Preemption Games with Private Information
Preemption games are widely used to model economic problems such as patent races. We introduce private information into these games and allow for this information to stochastically change over time. This reflects, e.g. how R&D competitors improve their innovations over time and keep these innovations secret before patenting them. The analysis initially appears intractable because of the complexity of the equilibrium updating of beliefs on opponents' information. However, we demonstrate the existence of a class of equilibria and calculate these equilibria in closed form. We find that the expected durations in these equilibria are longer than when players' information is public but, in some cases, shorter than in the collusive outcome. Hence, R&D secrecy slows down innovation disclosure. Copyright 2011, Oxford University Press.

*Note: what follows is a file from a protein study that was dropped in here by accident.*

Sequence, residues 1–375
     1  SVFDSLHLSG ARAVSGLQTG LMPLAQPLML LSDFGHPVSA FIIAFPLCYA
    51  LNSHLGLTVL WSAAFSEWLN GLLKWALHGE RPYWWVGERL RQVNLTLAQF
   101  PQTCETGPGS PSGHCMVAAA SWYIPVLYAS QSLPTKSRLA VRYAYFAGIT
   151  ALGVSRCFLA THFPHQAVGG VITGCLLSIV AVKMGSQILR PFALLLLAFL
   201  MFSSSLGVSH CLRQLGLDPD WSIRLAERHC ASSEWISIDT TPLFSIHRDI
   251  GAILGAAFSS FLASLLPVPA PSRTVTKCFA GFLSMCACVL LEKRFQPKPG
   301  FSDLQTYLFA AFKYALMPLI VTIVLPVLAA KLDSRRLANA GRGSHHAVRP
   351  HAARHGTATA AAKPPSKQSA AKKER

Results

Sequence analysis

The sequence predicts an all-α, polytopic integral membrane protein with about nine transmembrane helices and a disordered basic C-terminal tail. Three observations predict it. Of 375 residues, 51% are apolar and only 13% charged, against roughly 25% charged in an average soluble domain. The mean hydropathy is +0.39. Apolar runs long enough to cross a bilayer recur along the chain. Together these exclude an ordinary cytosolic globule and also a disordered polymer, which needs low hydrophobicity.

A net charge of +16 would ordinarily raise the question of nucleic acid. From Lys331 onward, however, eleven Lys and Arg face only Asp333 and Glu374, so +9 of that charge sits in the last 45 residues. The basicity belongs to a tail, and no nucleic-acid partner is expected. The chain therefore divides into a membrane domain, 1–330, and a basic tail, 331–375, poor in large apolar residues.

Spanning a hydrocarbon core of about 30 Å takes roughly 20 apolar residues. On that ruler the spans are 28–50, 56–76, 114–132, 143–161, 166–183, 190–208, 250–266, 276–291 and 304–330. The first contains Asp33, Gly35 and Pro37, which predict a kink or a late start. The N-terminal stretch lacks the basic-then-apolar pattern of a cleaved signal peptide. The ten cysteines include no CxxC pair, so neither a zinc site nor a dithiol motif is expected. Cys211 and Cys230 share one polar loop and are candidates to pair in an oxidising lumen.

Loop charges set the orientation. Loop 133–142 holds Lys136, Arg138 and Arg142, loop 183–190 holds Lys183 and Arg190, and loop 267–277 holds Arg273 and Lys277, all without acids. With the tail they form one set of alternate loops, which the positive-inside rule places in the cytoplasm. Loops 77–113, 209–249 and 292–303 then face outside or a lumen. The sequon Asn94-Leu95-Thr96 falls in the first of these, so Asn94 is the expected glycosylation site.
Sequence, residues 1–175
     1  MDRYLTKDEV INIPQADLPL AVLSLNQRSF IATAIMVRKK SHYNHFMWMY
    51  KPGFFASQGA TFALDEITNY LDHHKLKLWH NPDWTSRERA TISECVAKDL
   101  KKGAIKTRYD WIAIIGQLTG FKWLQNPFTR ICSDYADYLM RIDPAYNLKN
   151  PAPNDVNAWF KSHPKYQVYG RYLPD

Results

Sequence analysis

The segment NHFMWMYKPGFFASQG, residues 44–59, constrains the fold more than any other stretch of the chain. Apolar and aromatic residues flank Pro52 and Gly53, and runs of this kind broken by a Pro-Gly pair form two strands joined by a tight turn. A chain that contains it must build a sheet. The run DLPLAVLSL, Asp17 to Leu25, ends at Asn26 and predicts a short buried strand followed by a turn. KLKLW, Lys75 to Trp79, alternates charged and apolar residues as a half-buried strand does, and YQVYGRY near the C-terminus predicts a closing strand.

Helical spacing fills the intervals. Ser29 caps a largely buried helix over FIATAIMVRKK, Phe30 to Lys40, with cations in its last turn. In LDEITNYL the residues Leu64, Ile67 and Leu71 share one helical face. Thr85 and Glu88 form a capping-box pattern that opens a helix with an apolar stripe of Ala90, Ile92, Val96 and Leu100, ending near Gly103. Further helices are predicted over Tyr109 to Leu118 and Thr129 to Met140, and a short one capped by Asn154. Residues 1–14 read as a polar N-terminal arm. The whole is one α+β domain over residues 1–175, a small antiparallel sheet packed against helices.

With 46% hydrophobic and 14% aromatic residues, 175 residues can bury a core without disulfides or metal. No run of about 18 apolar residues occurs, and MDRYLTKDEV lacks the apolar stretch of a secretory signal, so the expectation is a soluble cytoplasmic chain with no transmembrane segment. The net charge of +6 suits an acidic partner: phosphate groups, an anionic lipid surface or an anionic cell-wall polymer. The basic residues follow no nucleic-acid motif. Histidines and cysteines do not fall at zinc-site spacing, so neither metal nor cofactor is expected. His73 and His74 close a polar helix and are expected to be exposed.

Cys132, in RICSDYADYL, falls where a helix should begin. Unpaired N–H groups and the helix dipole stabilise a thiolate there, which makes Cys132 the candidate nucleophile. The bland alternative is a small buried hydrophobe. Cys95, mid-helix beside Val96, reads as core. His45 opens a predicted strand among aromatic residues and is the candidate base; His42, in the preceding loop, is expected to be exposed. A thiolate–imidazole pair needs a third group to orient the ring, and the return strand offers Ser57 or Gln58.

(This abstract was borrowed from another version of this item.)
To our knowledge, this item is not available for
download. To find whether it is available, there are three
1. Check below under "Related research" whether another version of this item is available online.
2. Check on the provider's web page whether it is in fact available.
3. Perform a search for a similarly titled item that would be available.
|Date of creation:||2005|
|Date of revision:|
|Contact details of provider:|| Postal: |
Web page: http://www.EconomicDynamics.org/society.htm
More information through EDIRC
When requesting a correction, please mention this item's handle: RePEc:red:sed005:80. See general information about how to correct material in RePEc.
For technical questions regarding this item, or to correct its authors, title, abstract, bibliographic or download information, contact: (Christian Zimmermann)
If references are entirely missing, you can add them using this form.